Although there are currently no large European cities structured solely around walking, driving or public transport, we can look to Bilbao in Spain, Lyon in France, and Zürich in Switzerland as fairly good illustrations of these patterns.

Table 1 Conceptual comparison of different urban structures with respect to e.g. size, street structure and density, even though average time use for travel may differ only slightly.

Table 2 Comparison of cities in Europe



Travel time affects the size, characteristics and function of a city, as well as the way its citizens structure their everyday lives. How can we use this knowledge in our work with urban development in European cities? Five important conclusions can be drawn from findings on travel time budgets.

  • Travel shapes land use, and vice versa
    The travel time budget acts as a land use regulator. The fact that increased access encourages additional travel does not mean that investments in faster transport are in vain. A city that grows inwards rather than outwards – with a transport planning policy supporting this idea – can allow a greater variation of travel speed without hindering some groups of citizens from enjoying an urban lifestyle.
  • Acknowledge that low speed cities can be equal and effective
    The travel time budget forces us to have a wider perspective on how (and if) travel time can be saved. Contemporary planning ideas such as densification, mixed-use development and urban renewal are all measures that can increase the proximity between destinations in cities – and should be treated as time-saving policies, as are ‘traditional’ investments in transport infrastructure.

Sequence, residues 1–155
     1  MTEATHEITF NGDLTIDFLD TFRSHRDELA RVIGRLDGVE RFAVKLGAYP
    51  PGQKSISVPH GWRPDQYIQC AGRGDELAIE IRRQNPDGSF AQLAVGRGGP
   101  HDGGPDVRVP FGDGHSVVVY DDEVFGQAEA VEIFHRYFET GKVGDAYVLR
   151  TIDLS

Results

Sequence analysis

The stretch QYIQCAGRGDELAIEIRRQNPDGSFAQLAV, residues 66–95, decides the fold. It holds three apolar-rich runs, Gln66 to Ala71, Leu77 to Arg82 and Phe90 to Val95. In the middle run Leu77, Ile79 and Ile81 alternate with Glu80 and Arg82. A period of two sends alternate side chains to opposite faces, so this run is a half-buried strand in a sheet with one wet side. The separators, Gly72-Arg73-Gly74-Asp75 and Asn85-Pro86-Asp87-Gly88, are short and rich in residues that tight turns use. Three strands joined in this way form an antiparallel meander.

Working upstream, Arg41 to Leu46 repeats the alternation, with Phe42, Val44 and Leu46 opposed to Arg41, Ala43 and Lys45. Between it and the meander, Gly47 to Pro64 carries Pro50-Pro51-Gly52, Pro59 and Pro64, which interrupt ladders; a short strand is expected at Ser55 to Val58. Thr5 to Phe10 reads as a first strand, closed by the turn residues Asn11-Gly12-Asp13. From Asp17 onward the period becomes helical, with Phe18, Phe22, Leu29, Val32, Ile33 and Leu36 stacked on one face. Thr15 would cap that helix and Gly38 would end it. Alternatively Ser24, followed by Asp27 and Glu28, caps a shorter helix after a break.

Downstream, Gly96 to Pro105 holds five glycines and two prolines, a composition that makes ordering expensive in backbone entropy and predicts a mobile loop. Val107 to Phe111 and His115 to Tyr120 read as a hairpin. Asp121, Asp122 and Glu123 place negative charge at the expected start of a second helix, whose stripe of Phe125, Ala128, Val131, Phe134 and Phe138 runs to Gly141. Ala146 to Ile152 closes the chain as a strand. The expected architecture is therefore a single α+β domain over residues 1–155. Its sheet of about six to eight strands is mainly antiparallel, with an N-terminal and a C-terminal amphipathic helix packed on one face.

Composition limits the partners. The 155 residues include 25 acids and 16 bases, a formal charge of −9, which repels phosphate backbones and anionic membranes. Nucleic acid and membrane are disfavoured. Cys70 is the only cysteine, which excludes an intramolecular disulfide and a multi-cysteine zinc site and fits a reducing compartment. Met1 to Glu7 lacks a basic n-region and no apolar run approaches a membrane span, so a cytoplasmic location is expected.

• Treat citizens as co-producers, as much as users, in urban development
    Travel should be seen as a contribution to urban life, not least because time spent on travel appears stable. Rather than merely being minimised, travel should be pleasant, reliable and effective for the user and, preferably, contribute to well-being for people in the vicinity or otherwise affected by it.
  • Connect travel time use to sustainability issues
    Travel time should be taken into account when planning sustainable transport. For instance, future implementation of the 17 Sustainable Development Goals ought to include (travel) time use as a vital factor in working with e.g. energy efficiency, gender equality, well-being and urban planning.
  • Future transport innovations may affect the travel time budget
    Several trends have the potential to affect the travel time budget in future. For example, there are some indications that car use is in decline in some European cities. Also, our smartphones and tablets enable us to use travel time for work, shopping, reading and communicating. Some research shows that this increases commuters’ travel time acceptance.

We have yet to see whether our travel time budgets will remain the same over the next hundred years. We can be certain, however, that our cities will keep evolving, adapting to citizens’ needs and preferences. Our travel patterns will remain a crucial factor in this development.

About the author

David Lindelöw

PHD, Transport planner

David Lindelöw is a transport planner at Sweco in Gothenburg, Sweden. He holds a PhD in Transport Planning from Lund University. His thesis concerned pedestrian planning in urban areas. Since joining Sweco in 2016, David has been working with walkability, urban planning and the connection between land use and travel behaviour. David is interested in how active travel can become a natural part of the urban realm and everyday life.